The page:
The story began to unravel almost immediately and was altered extensively by the Times, at first without notice to readers (the original version can be found here). Clinton allies and those not in her camp, including former Times and current Newsweek reporter Kurt Eichenwald, panned the story.

Most recently, McClatchy DC reported that two “top-secret” emails have been uncovered among those on Clinton’s private server. Clinton announced she will hand over to the Department of Justice her private email server and copies of emails deleted from the server.

Why Does Any of This Matter?

There are laws that specify which forms of communication government officials can use as part of their official duties. These laws are designed to improve transparency. The question from the start has been whether Clinton violated any of these laws, in letter or in spirit.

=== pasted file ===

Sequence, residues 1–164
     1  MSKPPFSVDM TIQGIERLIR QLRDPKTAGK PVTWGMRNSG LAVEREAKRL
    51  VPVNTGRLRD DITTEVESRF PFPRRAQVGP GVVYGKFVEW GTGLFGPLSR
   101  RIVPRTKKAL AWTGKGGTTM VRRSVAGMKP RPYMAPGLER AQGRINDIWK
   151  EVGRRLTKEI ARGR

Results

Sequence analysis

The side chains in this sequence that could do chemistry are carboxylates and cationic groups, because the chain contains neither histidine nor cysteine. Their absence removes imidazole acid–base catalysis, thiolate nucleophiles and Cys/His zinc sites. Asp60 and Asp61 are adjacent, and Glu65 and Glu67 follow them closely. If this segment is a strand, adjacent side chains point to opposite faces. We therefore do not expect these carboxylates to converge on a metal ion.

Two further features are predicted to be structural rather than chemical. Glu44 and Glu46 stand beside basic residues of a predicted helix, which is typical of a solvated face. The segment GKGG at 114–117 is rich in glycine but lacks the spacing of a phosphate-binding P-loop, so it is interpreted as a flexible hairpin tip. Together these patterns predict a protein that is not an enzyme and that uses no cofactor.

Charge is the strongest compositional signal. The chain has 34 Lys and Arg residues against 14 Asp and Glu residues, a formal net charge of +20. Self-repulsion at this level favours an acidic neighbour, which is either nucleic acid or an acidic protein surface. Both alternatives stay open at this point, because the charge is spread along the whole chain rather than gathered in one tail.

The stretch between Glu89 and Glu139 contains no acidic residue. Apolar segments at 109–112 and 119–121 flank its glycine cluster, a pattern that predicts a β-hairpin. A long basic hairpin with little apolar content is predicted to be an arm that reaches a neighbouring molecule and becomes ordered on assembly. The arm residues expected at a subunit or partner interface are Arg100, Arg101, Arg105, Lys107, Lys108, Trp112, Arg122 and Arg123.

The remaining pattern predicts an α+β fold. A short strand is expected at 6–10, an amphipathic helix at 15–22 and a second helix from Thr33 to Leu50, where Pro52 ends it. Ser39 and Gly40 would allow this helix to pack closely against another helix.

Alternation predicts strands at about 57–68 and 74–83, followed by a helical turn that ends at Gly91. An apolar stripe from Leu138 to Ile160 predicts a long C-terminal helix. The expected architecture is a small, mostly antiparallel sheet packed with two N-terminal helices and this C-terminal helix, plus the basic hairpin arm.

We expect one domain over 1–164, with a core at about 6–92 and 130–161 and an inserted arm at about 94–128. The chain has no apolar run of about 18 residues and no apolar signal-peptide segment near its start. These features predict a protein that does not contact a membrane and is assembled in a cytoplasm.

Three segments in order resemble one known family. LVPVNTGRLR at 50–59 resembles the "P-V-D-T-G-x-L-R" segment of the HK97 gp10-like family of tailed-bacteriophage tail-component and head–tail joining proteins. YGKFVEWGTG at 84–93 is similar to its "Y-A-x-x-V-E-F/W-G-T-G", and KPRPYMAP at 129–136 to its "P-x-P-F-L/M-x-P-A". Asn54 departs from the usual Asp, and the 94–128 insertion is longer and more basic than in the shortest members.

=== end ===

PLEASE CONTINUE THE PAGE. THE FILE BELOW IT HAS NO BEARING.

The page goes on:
As NPR reported in early April, the Federal Records Act, which became law in 1950, requires federal employees to keep copies of their communications. It was amended in 2014 by President Barack Obama to require federal employees to transfer personal emails to government servers within 20 days. But that change to the law was made after Clinton left the State Department, her attorneys have argued, and therefore did not apply to her when she was secretary.

Plus, Clinton spokesman Nick Merrill argues, Clinton didn’t break any rules because “for government business,” she had used her State Department colleagues’ official government addresses. Copies of those emails would therefore be retained by the State Department, Merrill said, which satisfies the requirements of the Federal Records Act as it was written when Clinton was secretary: